Scientists think they are getting closer to finding the Higgs boson particle, as they speed particles around the Large Hadron Collider at near light-speed. Here, the lines represent possible paths of particles produced by collisions in the detector, as part of the ALICE experiment.
One of the world's most elusive particles will stay hidden a while longer, it seems.
Scientists at the gigantic Large Hadron Collider (LHC) particle accelerator at the CERN physics lab in Switzerland have wrapped up — at least for 2011 — the kind of experiments that might have shown a glimpse of the long-sought Higgs boson particle.
The Higgs boson, which has been theorized but never observed, is thought to give all other particles their mass. Physicists have been hoping to see signs of it ever since they began colliding particles at the LHC in 2008. Yet there is still no sign of the Higgs.
"LHC is running fantastically, it's marvelous," said CERN particle physicist Christoph Rembser, who works on LHC's ATLAS experiment. "What is not that fantastic is that we've not yet seen anything new, and no new discoveries have been made."
Yet Rembser and others urged caution, saying that they knew in advance it would take time for enough data to accumulate to reveal new particles. [Wacky Physics: The Coolest Little Particles in Nature]
Not too much time, though: Another CERN scientist suggests that if the particle remains elusive next year, chances are it doesn't exist.
For 180 days this year, LHC was colliding protons together inside its 17-mile (27 kilometer) underground loop. The huge energies created when two of these particles smacked into each other head on at high speed were thought to be about right to give rise to exotic particles like the Higgs.
However, this week physicists called off LHC's proton-proton run for this year, intending to use the remaining months of 2011 to collide heavier lead ions (made of 82 protons and even more neutrons).
These crashes are so powerful they can essentially melt matter down into a primordial soup of its building blocks — tiny particles called quarks and gluons. Studying this quark-gluon soup could reveal more about how atoms formed at the beginning of the universe almost 14 billion years ago.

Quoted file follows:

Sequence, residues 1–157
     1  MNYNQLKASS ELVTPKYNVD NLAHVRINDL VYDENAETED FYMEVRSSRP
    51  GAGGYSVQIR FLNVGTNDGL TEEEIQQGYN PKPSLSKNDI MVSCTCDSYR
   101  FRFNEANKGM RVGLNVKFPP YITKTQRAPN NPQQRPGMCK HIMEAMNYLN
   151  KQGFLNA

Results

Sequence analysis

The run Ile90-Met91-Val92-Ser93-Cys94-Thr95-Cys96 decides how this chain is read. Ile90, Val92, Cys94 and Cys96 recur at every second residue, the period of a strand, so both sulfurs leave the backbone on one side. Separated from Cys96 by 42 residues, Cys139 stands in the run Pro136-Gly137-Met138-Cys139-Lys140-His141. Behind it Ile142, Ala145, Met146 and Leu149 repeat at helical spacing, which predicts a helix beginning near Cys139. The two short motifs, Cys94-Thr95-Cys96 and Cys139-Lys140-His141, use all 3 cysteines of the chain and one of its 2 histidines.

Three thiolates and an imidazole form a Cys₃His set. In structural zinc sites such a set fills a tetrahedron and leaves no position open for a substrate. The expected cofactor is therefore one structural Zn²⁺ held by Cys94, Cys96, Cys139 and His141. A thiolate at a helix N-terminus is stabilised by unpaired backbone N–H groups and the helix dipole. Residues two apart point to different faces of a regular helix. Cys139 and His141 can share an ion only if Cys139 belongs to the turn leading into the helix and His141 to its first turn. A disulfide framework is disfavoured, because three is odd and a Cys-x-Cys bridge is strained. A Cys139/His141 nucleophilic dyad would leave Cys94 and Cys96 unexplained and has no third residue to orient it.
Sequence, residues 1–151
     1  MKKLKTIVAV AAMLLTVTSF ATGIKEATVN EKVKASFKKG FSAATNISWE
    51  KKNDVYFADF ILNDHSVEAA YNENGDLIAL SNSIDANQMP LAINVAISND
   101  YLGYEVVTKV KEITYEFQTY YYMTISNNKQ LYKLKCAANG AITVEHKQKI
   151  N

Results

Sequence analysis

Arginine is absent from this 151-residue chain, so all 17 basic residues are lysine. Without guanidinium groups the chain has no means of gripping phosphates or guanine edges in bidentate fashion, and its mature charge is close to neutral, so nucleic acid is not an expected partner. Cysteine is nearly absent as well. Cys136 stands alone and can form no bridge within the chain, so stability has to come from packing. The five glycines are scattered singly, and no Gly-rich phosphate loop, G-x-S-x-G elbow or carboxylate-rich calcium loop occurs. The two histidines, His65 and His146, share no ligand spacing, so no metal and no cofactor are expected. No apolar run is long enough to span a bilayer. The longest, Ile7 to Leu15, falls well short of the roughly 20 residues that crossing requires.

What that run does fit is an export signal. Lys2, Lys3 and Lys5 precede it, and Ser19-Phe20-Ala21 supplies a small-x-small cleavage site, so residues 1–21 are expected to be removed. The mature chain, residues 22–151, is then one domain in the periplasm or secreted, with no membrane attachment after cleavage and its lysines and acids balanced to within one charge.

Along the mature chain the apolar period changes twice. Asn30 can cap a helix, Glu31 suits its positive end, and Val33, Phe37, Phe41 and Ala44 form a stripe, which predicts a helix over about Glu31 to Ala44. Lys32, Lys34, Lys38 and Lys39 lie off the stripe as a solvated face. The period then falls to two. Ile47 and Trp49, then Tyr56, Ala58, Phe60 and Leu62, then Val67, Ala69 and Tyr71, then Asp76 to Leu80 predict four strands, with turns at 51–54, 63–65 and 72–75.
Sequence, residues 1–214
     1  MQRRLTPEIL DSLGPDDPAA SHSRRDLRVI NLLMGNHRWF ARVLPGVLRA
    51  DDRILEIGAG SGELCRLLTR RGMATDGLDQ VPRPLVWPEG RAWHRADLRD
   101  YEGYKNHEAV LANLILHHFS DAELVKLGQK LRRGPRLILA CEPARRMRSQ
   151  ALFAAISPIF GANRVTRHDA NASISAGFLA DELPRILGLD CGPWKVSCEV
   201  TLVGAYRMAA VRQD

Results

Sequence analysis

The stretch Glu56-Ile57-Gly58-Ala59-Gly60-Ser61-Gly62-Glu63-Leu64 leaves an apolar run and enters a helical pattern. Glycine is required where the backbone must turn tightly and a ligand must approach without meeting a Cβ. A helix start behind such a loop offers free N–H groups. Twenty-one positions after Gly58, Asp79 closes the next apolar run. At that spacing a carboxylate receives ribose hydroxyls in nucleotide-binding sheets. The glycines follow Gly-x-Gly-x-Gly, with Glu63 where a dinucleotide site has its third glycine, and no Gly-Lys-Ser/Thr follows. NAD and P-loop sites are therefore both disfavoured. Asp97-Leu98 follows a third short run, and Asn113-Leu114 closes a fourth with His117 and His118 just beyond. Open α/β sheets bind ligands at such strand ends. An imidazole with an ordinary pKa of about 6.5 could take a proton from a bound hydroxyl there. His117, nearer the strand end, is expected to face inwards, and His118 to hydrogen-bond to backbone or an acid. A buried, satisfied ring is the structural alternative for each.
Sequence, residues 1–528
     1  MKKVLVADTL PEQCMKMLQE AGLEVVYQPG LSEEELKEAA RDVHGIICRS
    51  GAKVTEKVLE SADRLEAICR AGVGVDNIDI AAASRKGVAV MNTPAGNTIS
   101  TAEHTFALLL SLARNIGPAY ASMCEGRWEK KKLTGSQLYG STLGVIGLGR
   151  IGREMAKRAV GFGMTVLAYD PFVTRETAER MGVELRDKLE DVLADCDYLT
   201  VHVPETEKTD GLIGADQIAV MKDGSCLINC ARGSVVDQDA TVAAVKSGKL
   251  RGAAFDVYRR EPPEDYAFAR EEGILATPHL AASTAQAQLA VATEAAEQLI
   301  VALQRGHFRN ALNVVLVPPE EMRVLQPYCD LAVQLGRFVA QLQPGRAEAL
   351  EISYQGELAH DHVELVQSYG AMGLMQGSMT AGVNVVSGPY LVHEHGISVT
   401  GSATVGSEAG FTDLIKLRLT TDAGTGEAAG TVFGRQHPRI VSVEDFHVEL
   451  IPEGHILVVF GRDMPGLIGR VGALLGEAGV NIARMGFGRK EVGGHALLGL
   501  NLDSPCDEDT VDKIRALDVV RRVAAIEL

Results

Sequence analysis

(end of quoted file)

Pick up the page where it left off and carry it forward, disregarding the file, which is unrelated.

The "God particle"
When LHC starts up again next year, physicists intend to resume the search for the Higgs boson. This particle, sometimes called the "God particle" because of its importance, is thought to be associated with a partner Higgs field, which pervades the universe.
When other particles travel though this field, they acquire mass, just as an object traveling through a lake gets wet. This is the mechanism scientists think could explain why particles have mass.
The Higgs model is so successful it has been integrated into the Standard Model of particle physics, scientists' best working theory to describe the fundamental constituents of the universe. [Infographic: Nature's Tiniest Particles Dissected]
"Of all the new physics we're looking for [at the LHC], the Higgs boson is special in the sense that we've already included it in our calculations," CERN physicist Jonas Strandberg said. "For our theory to be right, we need the Higgs to exist. If it doesn't exist, we need something to replace it."
Cornering the Higgs
Just because LHC hasn't yet found the Higgs doesn't mean that it hasn't revealed anything about the particle. By searching for so long, the atom smasher has already eliminated some possible places the particle could be hiding.
"We know everything about the Higgs boson from our theory except one thing, which is which mass it has," Strandberg told LiveScience. "Depending on this mass, it has certain properties. We have excluded a lot of the possibilities for the Higgs. But what's left are the most likely possibilities. In that sense, we still have the most interesting window left. That will take a little bit longer to close."
Scientists can now say, with 99 percent certainty, that the Higgs mass isn't between 160 and 220 giga-electron volts, or GeV (for comparison, a proton has a mass of about 0.938 GeV). But other ranges, such as between 114 and 135 GeV, and above 500 GeV, are still in the running for the Higgs mass.
"By next year we'll have excluded all possible masses," Strandberg said. "I think if we don’t find it next year, the Higgs boson as we know it doesn't exist."
Although some physicists had hoped to find the Higgs boson sooner, most say they're not disappointed.
"What I would have hoped for, of course, is it would have been easier, but I am very satisfied because the results are very solid and the experiments are running fine," Rembser said. "There are no crying physicists at CERN. It's so much fun to investigate and look into the data, that the atmosphere currently at CERN is just fantastic."
And most researchers also professed a lack of surprise that the big prize hasn't come already.
"I thought it would take five years," said Harvard physicist Joao Guimaraes da Costa, part of the LHC's ATLAS team. "I think it actually is going very fast."
In fact, many physicists think the most probable mass of the Higgs lies within the lighter mass range that has not yet been probed to enough depth by LHC. For some, it would have been unexpected if the particle had already been found.
However, if the same null result still stands at this time next year, many more experts are likely to be surprised.
"If we don’t find it at all, this would be rather unexpected," Strandberg said. "This would really mean you have to rethink everything we know about it that we've been taught and that we think is true."